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The world of Nature is open to us—not just through our eyes and ears, our hands and feet, but through words that direct us down paths of discovery.

           I would like to roam through books, through the words of Naturalists–and begin this January with Edward O. Wilson, a benefactor of the Mobile Tensaw Delta, a man of generous heart and spirit, often considered the world’s leading entomologist. I am honored to have known him, to have dined with him, served him grits, and to have had him write a foreword to my book, In The REALM OF RIVERS , about the Mobile-Tensaw Delta.

            Wilson was born in Birmingham, Alabama on June 20, 1929. Following his parent’s divorce–and though his mother was awarded legal custody, she sent him to live with his father, a federal government accountant. She felt he could give their son better opportunities. When Wilson’s father remarried, the family moved to Mobile. Here he attended Barton Academy in 1941-1942 and subsequently Murphy High School.

            NATURALIST is the story of Edward Osborne Wilson’s life. Much of it covers the time he spent exploring this area at “the edge of the subtropics.” 

            In 1941, our budding biologist says: “At every opportunity I charged out on my balloon-tired, single-gear Schwinn bicycle, pumping my way down Charleston Street to the rubble-strewn weedlots of the riverfront, west to the scattered pine-and-hardwood copses of Spring Hill, south on the Cedar Point road as far as Fowl River, and east across the Mobile-Tensaw Delta on old U.S. 90 to Spanish Fort in Baldwin County.” 

            Wilson has a life-long interest in and esteem for the Mobile-Tensaw Delta. In the Foreword to IN THE REALM OF RIVERS, he says: “Those who . . . open their senses to the Delta will see a meeting place for science and the humanities, for research and art, a sanctuary to explore and dream, a venue to learn and teach, a playground, and a temple of immeasurable value.” 

            It is his wood-world of wonder that Wilson looked for pileated woodpeckers and eyed “alligators in the marshes of the Tensaw estuary.”  He tells of scouring the riverine hardwood forests for holly trees and orchids and remembers building “a secret outdoor shelter partly from the stems of poison oak.” This he paid for “with an agonizing rash” over a large part of his body.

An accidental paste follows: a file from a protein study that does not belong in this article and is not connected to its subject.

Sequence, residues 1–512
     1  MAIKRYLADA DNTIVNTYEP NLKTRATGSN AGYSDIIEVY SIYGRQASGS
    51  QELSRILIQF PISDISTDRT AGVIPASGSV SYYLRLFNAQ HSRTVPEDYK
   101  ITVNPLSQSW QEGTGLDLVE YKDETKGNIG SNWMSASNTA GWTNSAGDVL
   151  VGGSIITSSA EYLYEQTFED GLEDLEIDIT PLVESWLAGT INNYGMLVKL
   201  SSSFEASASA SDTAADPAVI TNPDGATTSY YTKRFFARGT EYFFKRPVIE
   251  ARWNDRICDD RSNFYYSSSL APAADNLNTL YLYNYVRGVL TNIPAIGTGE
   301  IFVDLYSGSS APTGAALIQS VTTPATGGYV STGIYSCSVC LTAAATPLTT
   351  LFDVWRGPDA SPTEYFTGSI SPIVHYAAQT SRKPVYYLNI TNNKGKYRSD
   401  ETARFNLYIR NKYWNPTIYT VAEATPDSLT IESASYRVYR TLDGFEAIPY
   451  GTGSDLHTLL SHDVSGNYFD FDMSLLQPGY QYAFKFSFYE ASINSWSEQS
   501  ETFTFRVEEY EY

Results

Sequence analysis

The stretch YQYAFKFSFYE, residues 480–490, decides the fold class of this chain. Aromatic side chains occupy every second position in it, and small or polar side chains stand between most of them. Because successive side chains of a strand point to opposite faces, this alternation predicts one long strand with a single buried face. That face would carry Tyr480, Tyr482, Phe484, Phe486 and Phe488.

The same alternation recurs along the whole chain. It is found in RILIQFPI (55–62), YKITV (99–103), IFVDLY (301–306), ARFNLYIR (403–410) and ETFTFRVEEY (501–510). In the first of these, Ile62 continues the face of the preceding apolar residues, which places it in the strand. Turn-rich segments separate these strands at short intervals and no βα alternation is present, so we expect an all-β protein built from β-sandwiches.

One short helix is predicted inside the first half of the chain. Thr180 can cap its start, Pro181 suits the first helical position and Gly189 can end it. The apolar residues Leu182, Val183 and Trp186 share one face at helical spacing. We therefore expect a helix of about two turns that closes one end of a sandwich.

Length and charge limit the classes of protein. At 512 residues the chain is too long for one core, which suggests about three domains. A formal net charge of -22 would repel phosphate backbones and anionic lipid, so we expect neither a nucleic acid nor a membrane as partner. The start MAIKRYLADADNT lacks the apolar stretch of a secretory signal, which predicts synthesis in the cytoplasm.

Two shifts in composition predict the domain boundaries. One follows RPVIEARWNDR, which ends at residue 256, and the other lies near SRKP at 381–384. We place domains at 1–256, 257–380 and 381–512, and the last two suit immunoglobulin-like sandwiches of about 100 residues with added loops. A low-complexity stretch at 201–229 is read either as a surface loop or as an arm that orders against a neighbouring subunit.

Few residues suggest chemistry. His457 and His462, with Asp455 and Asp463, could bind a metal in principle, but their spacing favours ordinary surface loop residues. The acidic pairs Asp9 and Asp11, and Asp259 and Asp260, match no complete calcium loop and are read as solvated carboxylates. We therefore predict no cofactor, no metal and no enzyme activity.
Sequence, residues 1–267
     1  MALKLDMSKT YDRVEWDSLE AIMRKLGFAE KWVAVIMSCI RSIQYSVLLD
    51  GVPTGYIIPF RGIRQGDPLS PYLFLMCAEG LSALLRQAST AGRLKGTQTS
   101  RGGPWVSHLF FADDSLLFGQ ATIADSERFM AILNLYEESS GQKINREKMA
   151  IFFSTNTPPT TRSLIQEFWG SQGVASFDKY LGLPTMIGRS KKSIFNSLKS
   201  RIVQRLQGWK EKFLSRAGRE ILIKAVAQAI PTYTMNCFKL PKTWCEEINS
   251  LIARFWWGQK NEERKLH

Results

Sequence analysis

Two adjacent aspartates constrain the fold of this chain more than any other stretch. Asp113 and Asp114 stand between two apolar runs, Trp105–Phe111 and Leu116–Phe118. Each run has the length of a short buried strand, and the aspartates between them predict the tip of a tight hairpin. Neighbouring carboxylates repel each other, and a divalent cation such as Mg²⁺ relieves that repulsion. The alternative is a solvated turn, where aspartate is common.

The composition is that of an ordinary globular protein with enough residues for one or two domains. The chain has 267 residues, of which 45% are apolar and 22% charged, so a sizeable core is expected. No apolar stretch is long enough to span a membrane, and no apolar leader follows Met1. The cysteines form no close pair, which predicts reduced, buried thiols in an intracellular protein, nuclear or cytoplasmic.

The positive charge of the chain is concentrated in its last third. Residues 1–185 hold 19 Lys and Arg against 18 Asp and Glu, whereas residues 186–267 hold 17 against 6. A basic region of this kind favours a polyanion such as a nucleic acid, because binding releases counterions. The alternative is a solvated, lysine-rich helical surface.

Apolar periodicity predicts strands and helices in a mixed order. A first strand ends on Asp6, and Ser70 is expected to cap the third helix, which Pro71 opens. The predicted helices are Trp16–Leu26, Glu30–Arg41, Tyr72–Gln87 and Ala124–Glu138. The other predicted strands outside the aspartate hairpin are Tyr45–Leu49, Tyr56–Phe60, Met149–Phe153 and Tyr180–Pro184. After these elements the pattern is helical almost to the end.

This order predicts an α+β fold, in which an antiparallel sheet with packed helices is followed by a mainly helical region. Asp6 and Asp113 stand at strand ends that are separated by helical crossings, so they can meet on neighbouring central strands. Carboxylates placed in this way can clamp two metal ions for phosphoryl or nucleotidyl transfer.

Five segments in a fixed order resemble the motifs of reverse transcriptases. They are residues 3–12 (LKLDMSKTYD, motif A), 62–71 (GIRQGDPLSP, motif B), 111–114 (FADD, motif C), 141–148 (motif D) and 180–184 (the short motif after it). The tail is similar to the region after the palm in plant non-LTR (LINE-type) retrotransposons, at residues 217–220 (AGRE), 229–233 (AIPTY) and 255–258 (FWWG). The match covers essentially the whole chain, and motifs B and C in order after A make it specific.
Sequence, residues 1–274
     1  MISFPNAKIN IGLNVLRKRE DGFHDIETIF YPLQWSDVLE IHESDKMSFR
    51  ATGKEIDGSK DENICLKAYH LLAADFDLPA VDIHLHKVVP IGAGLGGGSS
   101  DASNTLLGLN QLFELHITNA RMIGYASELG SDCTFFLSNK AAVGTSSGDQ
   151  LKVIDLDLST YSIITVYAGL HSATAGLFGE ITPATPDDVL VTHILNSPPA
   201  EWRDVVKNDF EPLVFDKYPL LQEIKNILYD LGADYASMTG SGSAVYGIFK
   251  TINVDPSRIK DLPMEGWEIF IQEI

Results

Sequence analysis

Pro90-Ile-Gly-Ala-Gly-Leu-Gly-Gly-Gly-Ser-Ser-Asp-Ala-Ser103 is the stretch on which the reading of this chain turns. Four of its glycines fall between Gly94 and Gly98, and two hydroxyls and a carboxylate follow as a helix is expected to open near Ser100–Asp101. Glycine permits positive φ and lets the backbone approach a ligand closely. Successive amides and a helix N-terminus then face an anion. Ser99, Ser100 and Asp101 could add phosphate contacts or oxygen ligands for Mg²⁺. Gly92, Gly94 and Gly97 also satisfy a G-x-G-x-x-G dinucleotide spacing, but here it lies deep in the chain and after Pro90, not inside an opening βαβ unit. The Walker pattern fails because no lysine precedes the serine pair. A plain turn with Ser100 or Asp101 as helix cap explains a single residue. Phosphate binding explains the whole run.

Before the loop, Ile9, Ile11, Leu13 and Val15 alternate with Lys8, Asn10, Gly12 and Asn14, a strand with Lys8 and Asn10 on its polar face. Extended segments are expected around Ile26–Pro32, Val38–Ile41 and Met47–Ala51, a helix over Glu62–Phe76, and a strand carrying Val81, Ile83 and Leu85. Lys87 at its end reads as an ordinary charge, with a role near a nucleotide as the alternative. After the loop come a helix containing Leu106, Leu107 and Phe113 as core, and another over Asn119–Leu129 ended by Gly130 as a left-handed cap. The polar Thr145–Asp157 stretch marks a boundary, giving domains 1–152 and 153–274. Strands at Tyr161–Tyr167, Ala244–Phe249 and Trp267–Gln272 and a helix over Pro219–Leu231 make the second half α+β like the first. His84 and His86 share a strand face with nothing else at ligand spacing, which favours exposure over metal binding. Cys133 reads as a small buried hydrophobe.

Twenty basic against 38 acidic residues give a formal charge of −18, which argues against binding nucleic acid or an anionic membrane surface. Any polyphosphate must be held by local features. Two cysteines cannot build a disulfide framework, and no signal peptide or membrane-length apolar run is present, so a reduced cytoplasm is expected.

And just Imagine the reception he received when he walked into his house with a coachwhip snake, nearly as long as he was, wrapped around his neck. Not surprisingly, he was told to “release it as far from the house as could be traveled round-trip during the remaining daylight hours.” 

            Much can be learned from Wilson about industriousness and dedication. He says he arose at 3:00 a.m. every morning, slipped away in the darkness, and delivered 420 newspapers before returning home for breakfast and school.  In the afternoon, at 3:30 p.m., he went home and studied. On Monday nights, he met with his Boy Scout troop at the United Methodist Church on Government and Broad streets. 

            Wilson’s book NATURALIST is a treasure trove of wisdom as well as a fascinating account of biodiversity evident today at Historic Blakeley State Park. He wrote that after entering the University of Alabama, he explored the edges of the Mobile-Tensaw Delta floodplain, calling it a “vertiginous world of beauty and complexity,” a place no field biologist had visited at the time. 

            What experiences shape our Being? What defines the person we will become? “If facts are seeds that later produce knowledge and wisdom,” Wilson says, “the emotions and the impressions of the senses are the fertile soil in which the seeds must grow.” The years of childhood prepare the soil. 

            A summer spent with a family at Paradise Beach shaped the kind of Naturalist Wilson would become. Out fishing with minnow hooks, he hauled in a Lagodon rhomboids, a small perch-like creature whose dorsal fin pierced his right eye and blinded it. Thereafter, he knew he would have to hold things close to see them clearly and would “celebrate the little things of the world–the animals that can be picked up between thumb and forefinger and brought close for inspection.” Hence his attraction to ants.

            As readers, we find wonder and delight in Wilson’s memoir, NATURALIST. William Faulkner wrote: “the past is never dead. It’s not even past,” and it is through words in books, especially this one, that we may experience the wonders of Nature again and again.


Sue Walker, Professor Emerita at the University of South Alabama, Poet Laureate of Alabama, 2003-2012, and editor / publisher of Negative Capability Press.

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